Real Estate Law

Real Cases in Real Estate By Andrea Lee Negroni, Esq. – January 2nd, 2012 Update

Real Cases in Real Estate is a weekly update on real estate law, with legal principles illustrated and explained by lawsuits from around the country. The topics are wide-ranging for appeal to a broad spectrum of readers including lawyers, homeowners, investors and the general public. Andrea Lee Negroni, a Washington DC attorney and legal writer with 25 years of experience in financial services and mortgage law, contributes the case summaries.

Followers of Real Cases in Real Estate will learn and be entertained by lawsuits involving nuisance, trespass, zoning violations, deed restrictions, title insurance, public utilities, mechanics liens, construction defects, adverse possession, foreclosure and eviction, divorce and marital property rights, tenants' rights, and more. Real Cases in Real Estate uncovers the unpredictable, amusing, and sometimes outrageous disputes between next-door neighbors, contractors and homeowners, condo boards and residents, real estate brokers and homebuyers, and zoning administrators and developers.

Each fully cited case summary highlights the essential law of the case and explains the principal legal theories and concepts relevant to the outcome. Plain language treatment makes Real Cases in Real Estate accessible to lawyers and laymen alike.

Whether you follow real estate law professionally or as a hobby, you'll find something new and useful every week in Real Cases in Real Estate.

Updates for the Week of January 2nd, 2012

Keep the cat indoors, because the neighbors have no duty to return a lost cat to its owner.

Next-door neighbors were involved in a lawsuit over the disappearance of a pet cat. The Damianos sued the Linds, claiming that Lind trapped their cat and then abandoned or killed it. The cat owners believed their pet became trapped under the Linds' garage and that Lind had a duty to reunite the cat with its owners.

Lind set a trap on his property, which he baited with a can of tuna. He said the reason for the traps was to catch skunks, not cats, but that he'd unintentionally trapped three cats in three years. He admitted to trapping a cat in July 2009, which he claims he immediately released onto his driveway. The cat ran away and wasn't seen again. The Damianos claimed that Lind was at fault for the death of their pet, but the Washington appeals court observed that no Washington law requires the finder of a stray cat to return the pet to its owner.

Since the Damianos had no evidence that Lind harmed or killed their pet, they could not make a negligence case against him. Moreover, they could not maintain a bailment claim because a bailment generally requires a consensual transaction. An involuntary bailment, where the care of animals is concerned, requires consideration and there was none in the matter of the Damianos' cat. Finally, because they did not know if their cat was dead or injured, the Damianos could not succeed in a claim of malicious injury to a pet.

The Diamianos did not lose their entire case, however. The court allowed the claim of trespass to chattels, which occurs when a person interferes with another's personal property without justification, and deprives the owner of his use of the property. Lind argued that the trapped cat was a public nuisance specially injurious to him, justifying his interference with it. However, the court disagreed, noting that a special license is required to trap animals, which Lind did not have. The court also allowed the Damianos to proceed with their tort claims of outrage and fraud.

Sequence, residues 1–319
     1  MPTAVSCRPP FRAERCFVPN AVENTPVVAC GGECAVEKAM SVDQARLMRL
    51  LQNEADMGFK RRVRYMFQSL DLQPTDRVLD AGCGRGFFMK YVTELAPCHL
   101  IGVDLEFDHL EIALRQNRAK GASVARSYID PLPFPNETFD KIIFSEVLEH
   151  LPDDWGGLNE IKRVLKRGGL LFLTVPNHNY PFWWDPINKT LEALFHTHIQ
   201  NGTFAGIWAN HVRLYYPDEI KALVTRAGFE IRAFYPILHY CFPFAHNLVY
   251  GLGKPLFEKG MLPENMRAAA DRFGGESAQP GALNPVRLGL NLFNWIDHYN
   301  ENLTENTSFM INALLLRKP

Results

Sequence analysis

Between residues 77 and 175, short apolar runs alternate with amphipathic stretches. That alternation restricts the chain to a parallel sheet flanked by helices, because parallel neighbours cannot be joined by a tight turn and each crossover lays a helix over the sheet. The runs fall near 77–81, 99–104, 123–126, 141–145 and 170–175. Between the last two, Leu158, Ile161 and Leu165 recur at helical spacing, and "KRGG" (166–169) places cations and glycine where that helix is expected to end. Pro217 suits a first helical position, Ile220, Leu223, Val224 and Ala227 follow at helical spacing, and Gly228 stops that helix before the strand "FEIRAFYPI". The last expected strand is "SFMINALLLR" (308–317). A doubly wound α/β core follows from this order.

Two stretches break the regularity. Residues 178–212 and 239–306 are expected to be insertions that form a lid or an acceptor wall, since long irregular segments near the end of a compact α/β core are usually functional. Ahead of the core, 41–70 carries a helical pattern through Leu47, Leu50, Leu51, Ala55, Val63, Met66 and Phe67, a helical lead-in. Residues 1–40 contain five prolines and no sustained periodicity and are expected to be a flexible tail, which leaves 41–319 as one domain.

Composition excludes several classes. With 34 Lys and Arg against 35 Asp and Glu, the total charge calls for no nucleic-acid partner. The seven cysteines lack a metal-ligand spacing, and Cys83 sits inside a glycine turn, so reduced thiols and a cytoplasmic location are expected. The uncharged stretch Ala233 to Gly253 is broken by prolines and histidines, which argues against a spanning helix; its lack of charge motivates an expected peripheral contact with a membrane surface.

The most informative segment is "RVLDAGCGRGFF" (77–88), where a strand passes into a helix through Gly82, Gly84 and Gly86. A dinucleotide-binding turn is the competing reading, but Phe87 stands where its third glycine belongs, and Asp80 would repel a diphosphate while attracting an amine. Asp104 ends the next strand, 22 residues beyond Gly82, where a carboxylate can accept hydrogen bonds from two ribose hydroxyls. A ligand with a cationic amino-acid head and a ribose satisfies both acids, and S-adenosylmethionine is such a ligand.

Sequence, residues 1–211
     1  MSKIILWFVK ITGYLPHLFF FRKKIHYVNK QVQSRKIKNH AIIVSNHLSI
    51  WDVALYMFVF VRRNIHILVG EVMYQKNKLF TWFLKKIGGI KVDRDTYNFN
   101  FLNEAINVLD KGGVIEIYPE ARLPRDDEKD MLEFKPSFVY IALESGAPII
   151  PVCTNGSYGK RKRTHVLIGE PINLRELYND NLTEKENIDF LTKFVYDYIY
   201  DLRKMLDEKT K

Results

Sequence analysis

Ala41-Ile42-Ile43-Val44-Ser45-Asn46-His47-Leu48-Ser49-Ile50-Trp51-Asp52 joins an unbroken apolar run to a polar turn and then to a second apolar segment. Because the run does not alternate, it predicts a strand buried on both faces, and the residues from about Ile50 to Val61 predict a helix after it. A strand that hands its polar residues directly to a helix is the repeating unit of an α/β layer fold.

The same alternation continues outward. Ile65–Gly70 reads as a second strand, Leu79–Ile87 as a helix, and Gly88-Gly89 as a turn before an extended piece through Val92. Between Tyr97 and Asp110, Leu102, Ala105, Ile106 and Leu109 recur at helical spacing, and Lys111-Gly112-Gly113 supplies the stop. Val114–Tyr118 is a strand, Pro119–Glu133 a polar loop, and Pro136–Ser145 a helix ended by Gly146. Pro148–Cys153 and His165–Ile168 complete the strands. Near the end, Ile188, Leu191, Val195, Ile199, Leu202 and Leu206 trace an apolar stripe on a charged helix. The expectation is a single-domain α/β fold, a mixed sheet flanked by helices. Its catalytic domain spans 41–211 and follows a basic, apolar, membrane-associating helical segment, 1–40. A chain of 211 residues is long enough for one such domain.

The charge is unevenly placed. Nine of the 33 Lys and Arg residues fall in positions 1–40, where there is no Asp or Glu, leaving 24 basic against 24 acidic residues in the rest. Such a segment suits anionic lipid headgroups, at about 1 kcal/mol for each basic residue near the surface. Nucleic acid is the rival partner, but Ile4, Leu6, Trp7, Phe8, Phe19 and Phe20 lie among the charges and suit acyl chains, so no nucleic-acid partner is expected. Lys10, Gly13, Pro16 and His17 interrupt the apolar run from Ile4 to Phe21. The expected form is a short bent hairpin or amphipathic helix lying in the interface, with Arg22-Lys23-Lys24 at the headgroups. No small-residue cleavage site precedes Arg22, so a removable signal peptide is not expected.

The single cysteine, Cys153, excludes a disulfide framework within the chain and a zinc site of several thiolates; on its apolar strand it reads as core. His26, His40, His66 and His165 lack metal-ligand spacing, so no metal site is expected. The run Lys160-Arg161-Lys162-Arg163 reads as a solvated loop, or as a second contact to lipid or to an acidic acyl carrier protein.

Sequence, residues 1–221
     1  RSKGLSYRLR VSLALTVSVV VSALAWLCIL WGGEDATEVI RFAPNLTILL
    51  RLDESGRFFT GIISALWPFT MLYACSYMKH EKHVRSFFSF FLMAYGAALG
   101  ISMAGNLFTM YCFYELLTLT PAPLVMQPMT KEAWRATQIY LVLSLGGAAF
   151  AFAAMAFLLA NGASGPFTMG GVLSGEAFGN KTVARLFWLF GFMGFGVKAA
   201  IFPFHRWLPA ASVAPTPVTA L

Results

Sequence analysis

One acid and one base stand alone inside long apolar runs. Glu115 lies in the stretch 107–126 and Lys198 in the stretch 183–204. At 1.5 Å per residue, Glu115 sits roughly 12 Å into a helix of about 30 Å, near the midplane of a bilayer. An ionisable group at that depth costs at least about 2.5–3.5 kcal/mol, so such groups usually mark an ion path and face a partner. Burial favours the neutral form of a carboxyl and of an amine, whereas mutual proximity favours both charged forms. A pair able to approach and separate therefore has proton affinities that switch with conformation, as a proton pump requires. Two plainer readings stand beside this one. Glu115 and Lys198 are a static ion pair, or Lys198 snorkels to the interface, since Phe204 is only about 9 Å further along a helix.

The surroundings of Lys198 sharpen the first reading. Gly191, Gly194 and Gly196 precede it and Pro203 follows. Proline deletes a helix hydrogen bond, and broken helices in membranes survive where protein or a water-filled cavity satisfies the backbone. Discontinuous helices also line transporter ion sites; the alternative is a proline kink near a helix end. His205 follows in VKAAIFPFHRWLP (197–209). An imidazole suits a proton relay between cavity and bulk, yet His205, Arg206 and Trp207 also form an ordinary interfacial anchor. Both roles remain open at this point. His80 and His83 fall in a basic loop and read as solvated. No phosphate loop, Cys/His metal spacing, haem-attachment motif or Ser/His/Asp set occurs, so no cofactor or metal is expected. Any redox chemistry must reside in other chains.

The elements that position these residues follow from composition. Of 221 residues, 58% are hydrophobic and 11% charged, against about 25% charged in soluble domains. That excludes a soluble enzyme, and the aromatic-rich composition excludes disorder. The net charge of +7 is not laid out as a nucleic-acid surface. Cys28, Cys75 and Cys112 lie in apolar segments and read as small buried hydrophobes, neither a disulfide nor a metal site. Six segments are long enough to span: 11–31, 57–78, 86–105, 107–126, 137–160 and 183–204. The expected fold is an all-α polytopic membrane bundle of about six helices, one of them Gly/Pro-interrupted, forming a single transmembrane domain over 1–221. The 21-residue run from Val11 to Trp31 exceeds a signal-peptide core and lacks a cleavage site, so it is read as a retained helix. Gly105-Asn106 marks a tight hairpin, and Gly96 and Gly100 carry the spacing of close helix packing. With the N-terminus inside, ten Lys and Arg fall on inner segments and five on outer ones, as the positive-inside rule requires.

Damiano v. Lind, 2011 Wash. App. LEXIS 2000 (Wash. Ct. App. Aug. 25, 2011) [enhanced version available to subscribers / unenhanced version available from lexisONE Free Case Law]

A Property Owner's Tort Liability is Limited When Premises Hazards are Created by an Independent Contractor.

A contractor hired to install a satellite dish on the roof of a house sued the homeowner after he fell off the roof. The contractor couldn't reach the area where the dish was to be installed with the 8-foot ladder be brought to the job. He wasn't carrying his 24-foot ladder because his new truck didn't have a ladder rack. To reach the roof, the 225-pound contractor stepped on the roof extension while carrying 50 pounds of equipment. The roof extension collapsed immediately.  

The general rule cited by the California appeals court is that "a contractor and its employees may not recover tort damages from the contractor's hirer" unless an exception applies. The contractor invoked the exception that imposes liability on the landowner for maintaining premises with a pre-existing hazardous condition and failing to warn of that condition.

Here, the court found there was no pre-existing concealed condition that would create an unreasonable risk to the contractor, because the fall was the contractor's own fault. "The responsibility for job safety delegated to independent contractors may and generally does include explicitly or explicitly a limited duty to inspect the premises as well." The contractor chose to step on the roof extension, and in fact selected the access point for his work. The contractor also argued that the roof extension was built without a building permit, but the lack of a building permit was not the cause of the fall - the cause of the fall was that the contractor put too much weight on a small roof extension.

The appeals court affirmed summary judgment for the homeowner, because the roof extension was fit for its intended purpose as a rain shelter, and became hazardous to the contractor only because he elected to put an unreasonable amount of weight on it.

Gravelin v. Satterfield, 200 Cal. App. 4th 1209 (Cal. App. 1st Dist. 2011) [enhanced version available to subscribers / unenhanced version available from lexisONE Free Case Law]

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